We Didn’t Cause the Pension Problem

your_childs_ed

A lot of finger-pointing is going on in Illinois over the notoriously under-funded pension funds.  Just to set the record straight:

I didn’t go into teaching for the pension.  I don’t know anyone who went into teaching because they were going to get a good pension 37 years later.  We did it because we loved teaching kids.  I’ll bet $100 no kid right out college said, during an interview for their first teaching job, “So, tell me about the pension system.”

I didn’t go into teaching for the money.  I don’t know anyone who went into teaching because they wanted to make a lot of money.  My wife and I moved to Chicago in 1975 because this was the place where I found a teaching job.  I started at $11,500 per year.  I drove a school bus before and after school to help make ends meet.

The constitutional amendment guaranteeing state employee’s pensions went into effect in 1970.  Years before 99.9% of all the current educators began their career.  It wasn’t their idea to guarantee pension benefits – why is it a bad idea to do so now?

All educators paid 8% of what they were being compensated to TRS until 1999.  Then we paid 9% to TRS.  In 2005 we paid 9.4%.  Over the course of my career I paid over $300,000 into the pension system.  Using TRS’s reported investment returns, when I retired in 2012 my pension nest egg should have been about $716,000.  That’s without including any contributions from the state, which were inconsistent and underfunded.  All educators have paid what they owed.  We were not allowed to participate in Social Security.  Unless we put some of our salaries into a 403(b) account, this is all we have.

TRS states that our pension fund has $61.6 billion in unfunded liabilities – two-thirds of which is attributable to the state not paying what was needed to keep the pension fund solvent.

I get defensive when the media or people around me point their finger at teachers and accuse us of doing something dastardly.  We found a job that we loved.  We worked hard.  We paid our (TRS) dues each and every paycheck.  We worked under the assumption that the Illinois constitution protected our pension.  Why are we always cast as the bad guys?

Advertisements

Chicago Tribune Doesn’t Get It

Graphic courtesy of http://www.hikingartist.com

The editorial in the May 4, 2015 Chicago Tribune was titled, “Backsliding on school choice*.”  The opening paragraphs:

Across the country, many states are pushing aggressively to expand educational opportunities for students trapped in low-performing schools.

You’ll hear about state-funded vouchers for students to attend private schools, education savings accounts that help parents pay some school expenses; tax breaks for parents for private-school tuition and expenses, even credits that allow companies to direct part of their state taxes to nonprofits that provide student scholarships.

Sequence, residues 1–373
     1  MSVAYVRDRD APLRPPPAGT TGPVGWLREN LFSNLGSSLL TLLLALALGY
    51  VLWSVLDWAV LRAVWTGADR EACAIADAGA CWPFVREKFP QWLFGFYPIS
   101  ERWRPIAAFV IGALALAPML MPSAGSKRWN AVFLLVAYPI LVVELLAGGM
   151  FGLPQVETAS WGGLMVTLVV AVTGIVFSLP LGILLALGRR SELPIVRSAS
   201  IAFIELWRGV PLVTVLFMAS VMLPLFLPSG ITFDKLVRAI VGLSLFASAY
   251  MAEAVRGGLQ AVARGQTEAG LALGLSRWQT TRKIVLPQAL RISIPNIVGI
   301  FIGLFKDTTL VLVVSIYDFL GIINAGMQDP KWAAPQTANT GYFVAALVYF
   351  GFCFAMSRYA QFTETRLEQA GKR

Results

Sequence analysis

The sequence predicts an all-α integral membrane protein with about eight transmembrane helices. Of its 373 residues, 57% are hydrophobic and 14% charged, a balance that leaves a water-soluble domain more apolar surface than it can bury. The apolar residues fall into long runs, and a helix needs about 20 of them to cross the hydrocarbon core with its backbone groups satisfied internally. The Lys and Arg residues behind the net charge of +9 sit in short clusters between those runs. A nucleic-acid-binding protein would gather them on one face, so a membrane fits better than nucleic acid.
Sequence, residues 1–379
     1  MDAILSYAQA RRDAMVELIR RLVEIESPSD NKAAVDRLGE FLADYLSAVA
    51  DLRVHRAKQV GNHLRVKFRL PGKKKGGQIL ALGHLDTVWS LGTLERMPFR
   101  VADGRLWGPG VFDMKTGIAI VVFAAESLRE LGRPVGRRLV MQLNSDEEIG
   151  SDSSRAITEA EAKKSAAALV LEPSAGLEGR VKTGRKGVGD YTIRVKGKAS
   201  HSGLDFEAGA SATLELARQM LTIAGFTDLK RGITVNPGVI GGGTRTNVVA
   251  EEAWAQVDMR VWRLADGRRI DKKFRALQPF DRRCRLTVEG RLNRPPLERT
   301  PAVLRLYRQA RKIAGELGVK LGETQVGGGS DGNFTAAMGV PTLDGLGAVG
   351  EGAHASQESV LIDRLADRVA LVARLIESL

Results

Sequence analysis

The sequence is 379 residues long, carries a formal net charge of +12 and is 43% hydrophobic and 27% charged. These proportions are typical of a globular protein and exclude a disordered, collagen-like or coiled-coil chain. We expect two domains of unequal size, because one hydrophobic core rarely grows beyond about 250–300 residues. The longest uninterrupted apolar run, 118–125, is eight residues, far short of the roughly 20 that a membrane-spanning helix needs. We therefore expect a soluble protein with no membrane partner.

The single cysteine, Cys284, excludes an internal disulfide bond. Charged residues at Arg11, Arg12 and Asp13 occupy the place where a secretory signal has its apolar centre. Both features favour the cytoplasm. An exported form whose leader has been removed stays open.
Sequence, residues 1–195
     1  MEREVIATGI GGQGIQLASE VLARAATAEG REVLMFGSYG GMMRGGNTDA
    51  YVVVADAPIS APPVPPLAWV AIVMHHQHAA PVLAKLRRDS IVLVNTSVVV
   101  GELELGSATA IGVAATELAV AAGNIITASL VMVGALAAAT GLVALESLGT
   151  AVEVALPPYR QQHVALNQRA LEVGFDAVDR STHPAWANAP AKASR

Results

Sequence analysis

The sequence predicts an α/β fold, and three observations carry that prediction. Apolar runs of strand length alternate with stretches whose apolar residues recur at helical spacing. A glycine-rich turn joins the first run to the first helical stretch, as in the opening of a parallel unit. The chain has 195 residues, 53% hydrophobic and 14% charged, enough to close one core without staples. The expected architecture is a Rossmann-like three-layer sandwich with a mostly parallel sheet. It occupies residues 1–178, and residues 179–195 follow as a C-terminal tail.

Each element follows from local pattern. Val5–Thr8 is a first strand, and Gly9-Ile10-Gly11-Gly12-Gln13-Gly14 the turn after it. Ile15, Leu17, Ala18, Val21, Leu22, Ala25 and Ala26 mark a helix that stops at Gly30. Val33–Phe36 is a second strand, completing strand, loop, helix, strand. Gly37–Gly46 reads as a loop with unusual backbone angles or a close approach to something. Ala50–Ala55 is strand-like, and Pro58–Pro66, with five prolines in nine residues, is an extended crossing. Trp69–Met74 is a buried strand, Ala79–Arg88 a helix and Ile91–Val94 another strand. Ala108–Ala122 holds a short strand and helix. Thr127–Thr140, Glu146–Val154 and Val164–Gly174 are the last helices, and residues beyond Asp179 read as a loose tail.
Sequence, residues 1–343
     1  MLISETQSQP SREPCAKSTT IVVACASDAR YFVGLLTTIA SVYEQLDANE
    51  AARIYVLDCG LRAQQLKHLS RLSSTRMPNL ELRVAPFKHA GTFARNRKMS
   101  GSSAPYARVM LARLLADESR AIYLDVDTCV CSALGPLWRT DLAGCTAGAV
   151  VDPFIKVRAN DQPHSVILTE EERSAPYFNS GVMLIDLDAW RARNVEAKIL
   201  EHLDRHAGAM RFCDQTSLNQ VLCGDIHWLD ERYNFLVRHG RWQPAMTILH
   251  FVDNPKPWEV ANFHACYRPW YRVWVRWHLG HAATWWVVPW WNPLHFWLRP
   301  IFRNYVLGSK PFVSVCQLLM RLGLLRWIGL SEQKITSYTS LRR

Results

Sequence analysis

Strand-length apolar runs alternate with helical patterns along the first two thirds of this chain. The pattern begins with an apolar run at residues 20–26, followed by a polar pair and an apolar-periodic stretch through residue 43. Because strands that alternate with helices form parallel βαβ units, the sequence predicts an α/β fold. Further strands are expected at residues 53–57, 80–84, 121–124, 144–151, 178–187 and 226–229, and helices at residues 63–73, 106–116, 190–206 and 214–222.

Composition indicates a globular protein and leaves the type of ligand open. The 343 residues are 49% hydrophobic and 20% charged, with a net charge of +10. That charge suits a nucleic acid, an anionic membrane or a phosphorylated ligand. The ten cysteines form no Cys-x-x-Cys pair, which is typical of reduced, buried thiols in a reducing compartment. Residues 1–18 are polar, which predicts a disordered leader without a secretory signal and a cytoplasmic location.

There’s strong momentum to expand school choice: Some 39 states are mulling laws to give students more alternatives to neighborhood schools, up from 29 states last year, according to the National Conference of State Legislatures.

What’s the problem?  We’re not pushing charter schools enough for them.  We’re getting behind other states.  “Don’t let the nation outpace us,” they cry.   Here’s the evidence – The Illinois House voted 60-40 to disband the Illinois State Charter School Commission.  In Illinois a charter school operator has to get permission from the local school district they want to open a school in.  If rejected, the charter school can go to the Charter School Commission to overturn the local school board’s wishes.  The Tribune says the commission is a “venue of last resort” for charter school operators.  Let’s see – the democratically elected school board says “no” to a charter school, then the charter school gets an expensive lawyer and appeals to people on a commission who don’t know anything about the school district, thereby skirting democracy.  It is interesting to note in the online version of the article there is a link to another editorial, “Make democracy work for Chicago Schools.”  Make up your mind – do you want democratically controlled schools or not?

The editorial does point out some of the charter school failures – the United Neighborhood Organization charter network* in particular. It even states, “Some of Chicago’s charters have a poor performance record – and they should close.”  So they recognize that charter schools can fail – that’s OK, just close the schools and send the kids somewhere else.

The Tribune doesn’t get it.  Charter schools are not the solution – see the report from the National Education Policy Center.  Allowing charter schools to operate where local school districts don’t want them removes local control.  The people in the district would no longer have a say in what their children are learning – the charter school management team would.

* You may have to register with your email to read these articles on the Tribune website